The United States is not at cyber war. There, I said it.
Don’t feel bad if this is news to you. It is also news to all the Congress-critters and nearly every journalist who has used the term. "But wait," you say. "What about all the reports and government screaming? Do they mean nothing?"
Pretty much, yes.
It is important to remember that no one really knows what cyber war is.
One thing is for certain, though: Cyber war is not what the Chinese currently appear to be up to. That’s called spying. If you doubt it consider what Rep. Mike Rogers, chair of the House Intelligence Committee, said Sunday on one of those talk shows that no one outside of D.C. watches:
"They use their military and intelligence structure to [steal] intellectual property from American businesses, and European businesses, and Asian businesses, repurpose it and then compete in the international market against the United States."
If stealing secrets is an act of war then America is currently at war with all of its allies. Espionage is what governments do so they don’t have to go to war...directly. What appears to be upsetting the Congressman is that the Chinese are using espionage to make money in a way that the United States didn’t think of first.
"We get [hit] every single day by a whole series … of attacks, everything from criminals trying to get into your bank account or steal your identity, to nation states like China who are investing billions and hiring thousands."
How exactly does this make China different from the United States? Drop the word “America” into the above sentence and it’s still true.
Fortunately, at times like these the press is around to
repudiate fear with facts throw gas on the flames.
Thus, The Washington Post reports:
"A new intelligence assessment has concluded that the United States is the target of a massive, sustained cyber-espionage campaign that is threatening the country’s economic competitiveness, according to individuals familiar with the report … which represents the consensus view of the U.S. intelligence community."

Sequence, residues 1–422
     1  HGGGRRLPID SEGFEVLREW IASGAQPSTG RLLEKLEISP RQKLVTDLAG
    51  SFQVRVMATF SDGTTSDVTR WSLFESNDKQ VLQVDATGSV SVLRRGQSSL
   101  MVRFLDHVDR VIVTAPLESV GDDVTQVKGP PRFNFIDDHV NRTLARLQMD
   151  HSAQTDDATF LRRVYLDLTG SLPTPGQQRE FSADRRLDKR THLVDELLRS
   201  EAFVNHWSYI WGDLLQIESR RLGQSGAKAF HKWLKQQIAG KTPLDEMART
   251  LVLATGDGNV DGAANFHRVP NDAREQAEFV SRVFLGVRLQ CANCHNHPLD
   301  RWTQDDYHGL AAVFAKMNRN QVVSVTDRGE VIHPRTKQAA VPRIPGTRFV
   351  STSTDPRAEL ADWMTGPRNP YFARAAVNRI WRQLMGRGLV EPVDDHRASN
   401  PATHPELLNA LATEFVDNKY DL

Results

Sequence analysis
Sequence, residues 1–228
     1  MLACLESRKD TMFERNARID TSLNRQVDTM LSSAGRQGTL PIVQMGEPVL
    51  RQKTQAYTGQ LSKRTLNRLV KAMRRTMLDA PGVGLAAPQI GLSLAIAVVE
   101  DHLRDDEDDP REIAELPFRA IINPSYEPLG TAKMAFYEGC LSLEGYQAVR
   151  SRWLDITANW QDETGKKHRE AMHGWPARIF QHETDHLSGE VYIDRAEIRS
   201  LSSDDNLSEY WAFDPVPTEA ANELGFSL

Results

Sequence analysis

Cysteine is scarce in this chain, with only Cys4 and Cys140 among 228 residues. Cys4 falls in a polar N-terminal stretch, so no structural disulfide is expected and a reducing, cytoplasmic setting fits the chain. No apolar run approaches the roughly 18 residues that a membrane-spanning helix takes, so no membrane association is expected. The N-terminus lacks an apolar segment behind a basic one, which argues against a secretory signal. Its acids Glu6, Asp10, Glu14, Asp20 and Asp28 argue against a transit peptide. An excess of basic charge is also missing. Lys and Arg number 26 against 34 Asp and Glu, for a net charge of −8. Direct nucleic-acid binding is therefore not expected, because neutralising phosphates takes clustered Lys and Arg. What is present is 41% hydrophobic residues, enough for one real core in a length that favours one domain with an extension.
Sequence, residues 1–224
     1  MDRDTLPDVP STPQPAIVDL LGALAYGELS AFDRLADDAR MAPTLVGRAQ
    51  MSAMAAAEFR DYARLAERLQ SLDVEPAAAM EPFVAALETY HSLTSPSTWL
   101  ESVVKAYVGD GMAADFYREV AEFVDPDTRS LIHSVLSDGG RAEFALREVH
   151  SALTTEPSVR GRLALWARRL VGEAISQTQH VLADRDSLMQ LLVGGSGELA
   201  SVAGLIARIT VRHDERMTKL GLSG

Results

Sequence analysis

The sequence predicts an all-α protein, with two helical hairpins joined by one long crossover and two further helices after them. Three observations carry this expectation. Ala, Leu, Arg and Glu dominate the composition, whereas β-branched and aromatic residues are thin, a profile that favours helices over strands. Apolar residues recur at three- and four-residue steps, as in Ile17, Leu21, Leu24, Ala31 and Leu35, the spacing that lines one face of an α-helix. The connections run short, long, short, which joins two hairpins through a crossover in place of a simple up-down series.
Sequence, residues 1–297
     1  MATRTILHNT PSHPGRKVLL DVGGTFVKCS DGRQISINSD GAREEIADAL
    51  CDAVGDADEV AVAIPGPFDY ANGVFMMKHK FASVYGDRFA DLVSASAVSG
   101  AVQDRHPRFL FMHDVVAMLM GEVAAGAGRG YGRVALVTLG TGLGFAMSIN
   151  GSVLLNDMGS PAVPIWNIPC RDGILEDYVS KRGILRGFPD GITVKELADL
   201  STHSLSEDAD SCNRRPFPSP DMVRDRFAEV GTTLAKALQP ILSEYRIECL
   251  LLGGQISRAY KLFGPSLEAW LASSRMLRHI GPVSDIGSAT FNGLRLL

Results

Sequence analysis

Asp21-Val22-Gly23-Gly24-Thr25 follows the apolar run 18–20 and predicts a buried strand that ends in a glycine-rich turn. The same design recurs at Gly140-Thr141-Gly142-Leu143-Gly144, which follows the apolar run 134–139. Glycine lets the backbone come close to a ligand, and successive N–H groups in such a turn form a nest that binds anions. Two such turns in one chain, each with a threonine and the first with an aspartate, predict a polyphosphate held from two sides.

Does anyone remember how America ended up fighting a war against
Iran Iraq? “The consensus view of the U.S. intelligence community.”
Over at The New York Times the only issue is whether the cyber war is cold or hot. The Times and The Wall Street Journal have already proven how susceptible they are to screaming when a cyber mouse shows itself (see "NYT, WSJ Forget the Facts in Stories About Their Own Hacks" for details).
The Times wasn’t content with using other peoples’ reports based on circumstantial evidence so it went out and got one of its own. The study by Mandiant has come under some fairly withering criticism.
- It doesn’t appear to say anything new. CEO Kevin Mandia: "Mandiant’s not the first company to blame China for the hacks, but it was our turn to carry the ball for a little bit." Translation = “We were working for the NYT and that’s some golden PR.”
- Did I mention it was based on circumstantial evidence? Jeffrey Carr does a superb job of explaining why Mandiant saw exactly what it expected to find and then offers several other equally valid possible perpetrators, including Russia, France and Israel.
(Kudos to whoever decided to turn copies of the report into an attack vector. That's practically art.)
Not one word in this headline is even remotely accurate.
P.S.: Here is my boilerplate response on the security weakness of U.S. utilities in regards to cyber attacks: "Yes, there is a problem. It is not a crisis. To do any significant damage any such attack would most likely have to be associated with a physical attack." (The sky is not falling, Chicken Little, but I bet I could make a whole lot of money convincing you otherwise.)